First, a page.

In some areas of Canada, like Montreal, where Jean-Christophe lives, there is a plentiful and constant supply of renewables like hydro. Of course it makes it easier to live a low carbon lifestyle (more viable) when you have a consistent supply of renewable energy for electricity. But this could make it easier to increase demand too. And less incentive to reduce demand. Meanwhile other parts of Canada or nearby East coast of the United states are burning fossil fuels to make electricity. Sharing renewable energy is vital.

And from a climate justice point of view, if you give those who can afford the more expensive renewable company, a carbon discount, you are allowing the wealthy to increase their carbon budget. It is simply not climate justice or equitable.

Non-seasonal vegan

Vegan air freighted Kenyan beans
  • There are lots of nuances within a vegan diet:
  • Local seasonal fruit + veg generally good
  • Hothoused out of season – very bad
  • Pesticides, chemical fertiliser etc – very bad
  • Imported air freighted fruit and veg very very bad.

I wasn’t happy that the non-seasonal vegan option in the spreadsheet one time actions did not account for the vast carbon footprints of things like:

  • Airfreighted grapes from South Africa – 18.5Kg CO2e per kilo (grapes transported by Spain by road 1.1Kg per kilo)
  • Asparagus airfreighted from Peru – 18.5 CO2e per kilo (in season in UK 1.1Kg CO2e per kilo)

Carbon rationing

‘In high-consuming countries such as the UK, the time has passed where we have luxury of choosing between system change or lifestyle change – we now need both.’ – Lewis Akenji lead author of 1.5-Degree Lifestyles: Towards a Fair Consumption Space for All,

Lloyd Alter has written this article on this new Study which Shows Why We Need 1.5 Degree Lifestyles and How to Get There on treehugger.com

cover of 1.5 Degree Study
The new 1.5C report introduces carbon rationing

‘Talking about lifestyle changes is a hot-potato issue to policymakers who are afraid to threaten the lifestyles of voters. This report brings a science based approach + shows that without addressing lifestyles we will not be able to address climate change’

“Unsurprisingly, sufficiency is perceived as controversial by the wealthiest consumers as it challenges their carbon-intensive lifestyles,” if the richest 10% of the population practice a bit of sufficiency, there will be enough for everyone.’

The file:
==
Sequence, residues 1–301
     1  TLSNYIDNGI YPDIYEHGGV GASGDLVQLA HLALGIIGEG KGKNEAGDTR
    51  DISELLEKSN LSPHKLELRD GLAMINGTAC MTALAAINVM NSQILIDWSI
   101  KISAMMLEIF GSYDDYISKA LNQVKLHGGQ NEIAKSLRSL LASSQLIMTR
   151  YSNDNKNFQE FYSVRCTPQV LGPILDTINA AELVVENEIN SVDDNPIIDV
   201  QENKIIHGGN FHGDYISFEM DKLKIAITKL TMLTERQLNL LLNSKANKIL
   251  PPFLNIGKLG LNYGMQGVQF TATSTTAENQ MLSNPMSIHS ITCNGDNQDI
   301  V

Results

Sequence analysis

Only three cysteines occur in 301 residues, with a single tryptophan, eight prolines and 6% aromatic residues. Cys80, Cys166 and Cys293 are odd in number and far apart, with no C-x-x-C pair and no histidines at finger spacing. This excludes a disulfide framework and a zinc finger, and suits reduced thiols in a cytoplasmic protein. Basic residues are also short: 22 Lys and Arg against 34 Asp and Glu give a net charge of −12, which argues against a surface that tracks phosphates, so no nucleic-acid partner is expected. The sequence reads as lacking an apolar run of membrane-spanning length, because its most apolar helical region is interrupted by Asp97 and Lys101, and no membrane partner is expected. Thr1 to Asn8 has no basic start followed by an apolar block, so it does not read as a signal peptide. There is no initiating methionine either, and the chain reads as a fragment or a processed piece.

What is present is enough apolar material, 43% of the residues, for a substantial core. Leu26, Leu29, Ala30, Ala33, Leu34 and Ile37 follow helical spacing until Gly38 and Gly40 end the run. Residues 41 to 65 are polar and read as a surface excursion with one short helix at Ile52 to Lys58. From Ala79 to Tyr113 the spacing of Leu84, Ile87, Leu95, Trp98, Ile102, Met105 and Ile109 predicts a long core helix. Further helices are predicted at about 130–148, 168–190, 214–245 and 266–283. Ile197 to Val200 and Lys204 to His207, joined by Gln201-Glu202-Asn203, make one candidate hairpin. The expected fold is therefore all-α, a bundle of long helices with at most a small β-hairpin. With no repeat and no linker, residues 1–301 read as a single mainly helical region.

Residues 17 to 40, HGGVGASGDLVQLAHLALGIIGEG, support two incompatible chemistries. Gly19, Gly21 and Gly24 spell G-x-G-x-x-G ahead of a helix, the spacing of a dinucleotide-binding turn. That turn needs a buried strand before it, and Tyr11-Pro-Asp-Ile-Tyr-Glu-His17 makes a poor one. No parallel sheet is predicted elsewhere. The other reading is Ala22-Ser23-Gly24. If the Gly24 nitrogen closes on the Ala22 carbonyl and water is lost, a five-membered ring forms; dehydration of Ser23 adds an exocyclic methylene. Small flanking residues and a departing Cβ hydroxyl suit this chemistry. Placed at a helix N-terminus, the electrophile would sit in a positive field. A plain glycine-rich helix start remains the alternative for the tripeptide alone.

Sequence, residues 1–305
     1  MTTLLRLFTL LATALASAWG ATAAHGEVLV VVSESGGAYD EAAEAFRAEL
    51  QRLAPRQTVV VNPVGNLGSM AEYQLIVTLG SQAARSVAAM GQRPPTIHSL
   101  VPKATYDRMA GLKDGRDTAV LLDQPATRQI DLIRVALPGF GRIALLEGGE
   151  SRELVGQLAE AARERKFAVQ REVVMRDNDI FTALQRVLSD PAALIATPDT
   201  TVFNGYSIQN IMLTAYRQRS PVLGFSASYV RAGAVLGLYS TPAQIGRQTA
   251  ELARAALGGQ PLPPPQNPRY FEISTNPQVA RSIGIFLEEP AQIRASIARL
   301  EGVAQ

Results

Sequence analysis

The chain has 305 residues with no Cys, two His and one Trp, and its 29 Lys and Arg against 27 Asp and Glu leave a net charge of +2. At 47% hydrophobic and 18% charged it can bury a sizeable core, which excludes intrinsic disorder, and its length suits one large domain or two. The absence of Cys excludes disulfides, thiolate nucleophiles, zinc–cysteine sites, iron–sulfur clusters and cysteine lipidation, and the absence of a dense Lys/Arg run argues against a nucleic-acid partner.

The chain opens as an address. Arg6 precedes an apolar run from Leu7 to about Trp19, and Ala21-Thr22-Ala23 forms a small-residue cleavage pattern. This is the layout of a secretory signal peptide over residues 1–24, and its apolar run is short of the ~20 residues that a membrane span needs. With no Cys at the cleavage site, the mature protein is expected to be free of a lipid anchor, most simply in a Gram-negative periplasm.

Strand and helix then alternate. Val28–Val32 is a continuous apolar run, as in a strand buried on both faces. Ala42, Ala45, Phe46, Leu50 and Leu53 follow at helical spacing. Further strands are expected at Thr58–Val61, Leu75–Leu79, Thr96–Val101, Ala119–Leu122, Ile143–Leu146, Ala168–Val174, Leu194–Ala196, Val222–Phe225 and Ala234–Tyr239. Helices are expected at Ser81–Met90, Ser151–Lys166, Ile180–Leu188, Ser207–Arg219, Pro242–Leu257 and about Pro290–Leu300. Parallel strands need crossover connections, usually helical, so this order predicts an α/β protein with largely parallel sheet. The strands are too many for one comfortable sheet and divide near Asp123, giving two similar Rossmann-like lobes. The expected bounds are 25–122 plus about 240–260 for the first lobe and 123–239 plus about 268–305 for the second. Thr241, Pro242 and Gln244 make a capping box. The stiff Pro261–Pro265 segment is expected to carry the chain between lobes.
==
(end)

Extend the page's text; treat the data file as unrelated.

They even consider carbon rationing; everyone gets their fair share and can sell what they don’t use.

 I’d be surprised if you have much carbon to sell on 2.5 tonnes per year or 0.7 tonnes. Sounds like wishful thinking.to me. But I will be covering this more in detail shortly in a blog entitled ‘Carbon rationing – the epic struggle’

Carbon footprint wiktionary / wikipedia / dictionary

I had a dream in which I was showing Mike Berners-Lee how an A-Z carbon footprint dictionary would work along the lines of wikipedia. It was almost like a presentation of the idea in dream form! The idea had been evolving slowly in my mind for some time but the dream crystallized it visually and probably told me to wake up and get on with it!

The reason I think a wiktionary / wikipedia format would work as an accessible educational and informative carbon footprint tool are plentiful.

  • International – each country has its own version (like wikipedia)
  • A carbon footprint wiktionary would be far more nuanced than a calculator or database. Which can be misleading and not referenced in an accessible way. This is why I like about @MikeBernersLee book ‘How Bad are Bananas? The Carbon Footprint of Everything’ But I want it A-Z
  • The carbon footprint dictionary could be updated regularly like a Dictionary or the Wikipedia pages, BUT it would be overseen by experts in the field. So vested interests don’t interfere. All changes would be referenced so easy to check the research

On page 145 of Mike Berners-Lee ‘How Bad are Bananas? The Carbon Footprint of Everything’ A section on the carbon footprint of A New Car has been meddled with. I personally noticed that the figures for embodied carbon of a Range Rover in the headline didn’t gel with what I previously knew. But my friend who is an editor was more perceptive.

In the headline, the Range Rover Sport HSE is given the figure of 25 tonnes CO2e just in manufacture. However the text says ‘A Range Rover or SUV could eat up 10 years of a 5-tonne lifestyle before you even drive it’. 5 x 10 =50 tonnes

Luckily the helpful graph on p.147 confirms the that the embodied emissions of the Range Rover are indeed 49-51 tonnes. Meanwhile the Toyota Prius goes up to 23-25 tonnes in the graph from 12 tonnes, the Ford Focus Titanium goes up to 16-20 tonnes from 8 tonnes. The Citroen C1 is 8-11 tonnes up from 4 tonnes. Someone halved the embodied carbon figures for these new fossil fuel cars.